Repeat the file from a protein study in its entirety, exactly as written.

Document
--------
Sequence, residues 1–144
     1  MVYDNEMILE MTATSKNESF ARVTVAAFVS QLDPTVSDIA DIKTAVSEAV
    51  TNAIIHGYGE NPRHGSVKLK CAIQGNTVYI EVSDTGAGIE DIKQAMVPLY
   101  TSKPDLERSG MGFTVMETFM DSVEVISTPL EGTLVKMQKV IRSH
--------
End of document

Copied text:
Sequence, residues 1–144
     1  MVYDNEMILE MTATSKNESF ARVTVAAFVS QLDPTVSDIA DIKTAVSEAV
    51  TNAIIHGYGE NPRHGSVKLK CAIQGNTVYI EVSDTGAGIE DIKQAMVPLY
   101  TSKPDLERSG MGFTVMETFM DSVEVISTPL EGTLVKMQKV IRSH